No matter who I talk to about the state of cricket in the United States, the conversation always seems to boil down to agreement that the sport’s governing body here—the United States of America Cricket Association—has grassed it. In-fighting, incompetence, possible corruption, power struggles—you name it, we have it.
But look around the game. As rosy-spectacled as I am about cricket, even I can see that every country and board has problems. Whether you’re talking about Giles Clark and the ECB, the decline and fall of West Indies, the ham-handed and power-mad BCCI, spot-fixing scandals or the fact that nobody will even go to Pakistan to play cricket, it’s easy to see that there are more than enough problems out there to go around. The problems here in the United States do feel worse to me because they have hindered the development of the game. In all the above-mentioned situations, the fans are cricket-mad and the sporting press actually realizes that cricket exists.
When the International Cricket Council unfavorably compares our country’s cricket program to China’s, it says a lot about just how bad things are … at least it does to Americans.
But talking about it and arguing all day accomplish nothing. The game’s the thing, with apologies to that fine bowler of off-breaking verse and middle-order playwright Will Shakespeare. We need to just move on and make it so the incompetent officials don’t matter. And how do we do that? Again, when you bring this up, almost everybody says the same thing: “You’ve got to get the kids playing, and at a young age.”
Jatin Patel of Indianapolis, Indiana, is one of those people saying that kids playing cricket is at least part of the answer to growing the sport in the United States. And he’s not just talking—he’s doing something about it. In 2010, Patel and Jamie Harrison of Maryland formed the United States Youth Cricket Association. Concurrently, Patel founded Indiana Cricket, which is a member of the USYCA. These not-for-profit organizations have one main goal.
“Indiana cricket and USYCA want to take cricket into the schools, and bring more American-born kids to the game,” according to Patel. “Cricket has mostly been played by immigrants, and we do not expect American kids to come out and watch them to learn game. But by taking it to the teachers in schools, kids can see the game, and start learning and playing cricket.”
Indiana Cricket and the USYCA do this by providing free cricket equipment and coaching. So far, nine Indiana schools have received kit and coaching, and started their cricket programs, with about 14 more at some stage of the process.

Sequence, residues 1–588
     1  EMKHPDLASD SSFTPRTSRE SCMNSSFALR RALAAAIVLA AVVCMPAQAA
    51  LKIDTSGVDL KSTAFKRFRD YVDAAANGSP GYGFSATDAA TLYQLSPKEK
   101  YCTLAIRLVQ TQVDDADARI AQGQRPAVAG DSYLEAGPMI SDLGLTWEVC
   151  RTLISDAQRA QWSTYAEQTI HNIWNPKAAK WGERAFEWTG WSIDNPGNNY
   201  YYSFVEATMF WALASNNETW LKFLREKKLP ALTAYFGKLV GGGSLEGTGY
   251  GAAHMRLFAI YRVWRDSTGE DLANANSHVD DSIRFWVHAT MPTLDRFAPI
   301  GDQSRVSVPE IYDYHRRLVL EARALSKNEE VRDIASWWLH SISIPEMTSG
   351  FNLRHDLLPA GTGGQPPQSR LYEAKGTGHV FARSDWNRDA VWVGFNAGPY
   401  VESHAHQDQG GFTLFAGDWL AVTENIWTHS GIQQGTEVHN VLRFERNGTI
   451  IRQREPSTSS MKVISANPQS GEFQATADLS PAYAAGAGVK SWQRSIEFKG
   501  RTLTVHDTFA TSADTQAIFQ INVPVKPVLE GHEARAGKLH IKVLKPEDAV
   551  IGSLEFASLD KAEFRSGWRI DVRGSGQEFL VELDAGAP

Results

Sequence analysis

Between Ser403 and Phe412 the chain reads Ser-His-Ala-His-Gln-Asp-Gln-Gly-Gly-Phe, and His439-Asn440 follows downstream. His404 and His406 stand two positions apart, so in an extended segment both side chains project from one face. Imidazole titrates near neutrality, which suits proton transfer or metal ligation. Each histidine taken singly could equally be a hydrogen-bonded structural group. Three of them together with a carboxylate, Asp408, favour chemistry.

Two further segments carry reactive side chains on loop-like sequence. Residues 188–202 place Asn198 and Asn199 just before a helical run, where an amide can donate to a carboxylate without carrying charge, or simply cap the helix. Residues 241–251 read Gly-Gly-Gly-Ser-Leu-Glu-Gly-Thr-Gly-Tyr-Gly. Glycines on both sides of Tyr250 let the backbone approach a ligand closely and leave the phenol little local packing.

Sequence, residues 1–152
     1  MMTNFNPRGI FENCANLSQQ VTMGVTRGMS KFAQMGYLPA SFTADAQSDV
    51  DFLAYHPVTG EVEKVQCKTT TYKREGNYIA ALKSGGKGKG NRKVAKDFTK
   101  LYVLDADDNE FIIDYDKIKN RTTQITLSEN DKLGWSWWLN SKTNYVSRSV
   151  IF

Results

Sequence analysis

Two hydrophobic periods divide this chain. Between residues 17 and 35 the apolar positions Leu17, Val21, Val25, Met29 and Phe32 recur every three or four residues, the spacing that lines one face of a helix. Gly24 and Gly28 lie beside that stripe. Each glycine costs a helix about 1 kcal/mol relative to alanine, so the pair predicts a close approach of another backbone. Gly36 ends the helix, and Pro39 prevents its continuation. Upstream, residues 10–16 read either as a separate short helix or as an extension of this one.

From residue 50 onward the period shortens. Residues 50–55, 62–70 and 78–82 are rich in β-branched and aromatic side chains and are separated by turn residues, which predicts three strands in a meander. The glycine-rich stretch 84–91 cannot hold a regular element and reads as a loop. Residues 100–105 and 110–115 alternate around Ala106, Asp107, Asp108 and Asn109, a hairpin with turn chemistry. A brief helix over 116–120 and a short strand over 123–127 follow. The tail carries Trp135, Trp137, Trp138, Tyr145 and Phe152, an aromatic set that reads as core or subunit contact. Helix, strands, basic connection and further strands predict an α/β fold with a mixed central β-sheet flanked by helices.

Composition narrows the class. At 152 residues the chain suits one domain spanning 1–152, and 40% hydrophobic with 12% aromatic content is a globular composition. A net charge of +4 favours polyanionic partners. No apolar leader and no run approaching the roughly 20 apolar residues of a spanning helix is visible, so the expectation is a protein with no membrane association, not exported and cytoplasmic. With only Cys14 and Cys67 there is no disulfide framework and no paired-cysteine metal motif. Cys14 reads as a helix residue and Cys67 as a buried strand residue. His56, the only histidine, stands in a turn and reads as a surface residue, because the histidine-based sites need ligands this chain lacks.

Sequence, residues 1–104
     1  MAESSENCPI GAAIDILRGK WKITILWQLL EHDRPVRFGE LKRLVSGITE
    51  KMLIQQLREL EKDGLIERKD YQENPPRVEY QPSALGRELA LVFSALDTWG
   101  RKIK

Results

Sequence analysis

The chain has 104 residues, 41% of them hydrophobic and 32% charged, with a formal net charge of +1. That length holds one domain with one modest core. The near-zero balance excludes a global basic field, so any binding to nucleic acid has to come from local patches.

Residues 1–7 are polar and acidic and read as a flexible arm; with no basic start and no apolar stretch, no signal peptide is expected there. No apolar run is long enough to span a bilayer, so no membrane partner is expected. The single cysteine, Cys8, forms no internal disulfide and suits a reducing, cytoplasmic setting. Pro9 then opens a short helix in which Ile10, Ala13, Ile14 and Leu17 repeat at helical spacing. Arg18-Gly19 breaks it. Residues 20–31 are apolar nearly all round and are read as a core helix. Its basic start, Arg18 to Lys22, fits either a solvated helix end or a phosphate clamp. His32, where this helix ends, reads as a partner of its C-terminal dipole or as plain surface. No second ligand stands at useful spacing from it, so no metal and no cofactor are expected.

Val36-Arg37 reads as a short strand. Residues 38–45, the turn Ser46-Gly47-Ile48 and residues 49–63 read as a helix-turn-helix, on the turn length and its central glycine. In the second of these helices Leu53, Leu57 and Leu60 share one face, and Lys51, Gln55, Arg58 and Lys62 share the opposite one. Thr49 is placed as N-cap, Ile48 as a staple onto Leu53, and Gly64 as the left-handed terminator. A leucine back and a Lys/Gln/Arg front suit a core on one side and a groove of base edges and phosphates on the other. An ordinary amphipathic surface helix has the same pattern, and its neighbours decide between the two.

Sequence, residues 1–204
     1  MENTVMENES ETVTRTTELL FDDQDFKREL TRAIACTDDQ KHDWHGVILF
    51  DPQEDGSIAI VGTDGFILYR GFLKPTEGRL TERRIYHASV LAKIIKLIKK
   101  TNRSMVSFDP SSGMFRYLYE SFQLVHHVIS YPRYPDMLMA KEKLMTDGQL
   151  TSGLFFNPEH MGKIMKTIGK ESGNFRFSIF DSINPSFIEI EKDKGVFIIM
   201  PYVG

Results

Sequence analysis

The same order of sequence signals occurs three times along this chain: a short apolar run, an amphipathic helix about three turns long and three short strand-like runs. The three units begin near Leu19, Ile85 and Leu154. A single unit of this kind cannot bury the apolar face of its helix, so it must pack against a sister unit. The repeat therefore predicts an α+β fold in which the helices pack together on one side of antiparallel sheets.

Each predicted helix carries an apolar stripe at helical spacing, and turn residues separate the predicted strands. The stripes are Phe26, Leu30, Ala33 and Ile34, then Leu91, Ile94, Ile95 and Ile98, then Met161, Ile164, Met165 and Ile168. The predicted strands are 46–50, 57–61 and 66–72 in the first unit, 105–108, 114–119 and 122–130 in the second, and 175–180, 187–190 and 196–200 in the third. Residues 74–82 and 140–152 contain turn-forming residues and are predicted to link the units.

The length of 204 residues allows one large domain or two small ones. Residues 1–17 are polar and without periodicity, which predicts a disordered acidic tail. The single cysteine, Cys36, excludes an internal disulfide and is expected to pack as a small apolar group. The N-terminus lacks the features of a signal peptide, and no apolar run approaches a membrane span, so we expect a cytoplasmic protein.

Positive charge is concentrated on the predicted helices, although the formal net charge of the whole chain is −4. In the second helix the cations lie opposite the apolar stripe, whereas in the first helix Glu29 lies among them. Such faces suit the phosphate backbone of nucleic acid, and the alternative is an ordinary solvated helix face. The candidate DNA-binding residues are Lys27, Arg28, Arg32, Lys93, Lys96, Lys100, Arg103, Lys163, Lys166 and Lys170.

“There is no age limit,” according to Patel, “but our primary focus is on young kids so we can develop them better for the future of USA cricket.
“Training teachers is also a perfect idea, because teachers will train kids for many years to come.”
Before moving to the United States, Patel played at all higher levels including Inter-College and University and Regional teams. He also had a 1st Coaching certification in India. He also possesses a National (US) D soccer coaching license, is a certified High school soccer and volleyball official, and coached high school soccer for six years. So teaching cricket to youngsters is nothing new for him.
“I start my sessions with the sports they know and skills they posses,” he says of his style of introducing teachers and kids to a game that can become very complicated very quickly. “Within 45 minutes to an hour I guide them to start playing cricket – on their own. No talks, no explanations. My idea is to let them play, as experience is the best teacher.”
Patel then fine tunes basic skills as they practice, and also makes sure that the players are enjoying the game and having fun. And, Patel says, they do have fun once they are introduced to cricket.
“When you show them the flat, wide cricket bats they have more confidence in their hitting ability than they do in baseball,” according to Patel, who also says the kids really seem to enjoy the running back and forth between the wickets to score. “I’ve noticed they like to have the bat in their hand and extend it to make it their home for runs scored.”
Even though we adults typically talk about how complicated cricket is—and perhaps reveal our own fears about why the game won’t succeed in the US—Patel says kids he works with actually say cricket is an easy game. They like being able to hit the ball anywhere, and being able to keep batting and scoring as many runs as they can.
Efforts like this are excellent proof that there are people out there who care about growing the sport in the United States. The experience of those who lead such programs also shows that, when they are exposed to cricket, American kids like it and want to play and see more of it.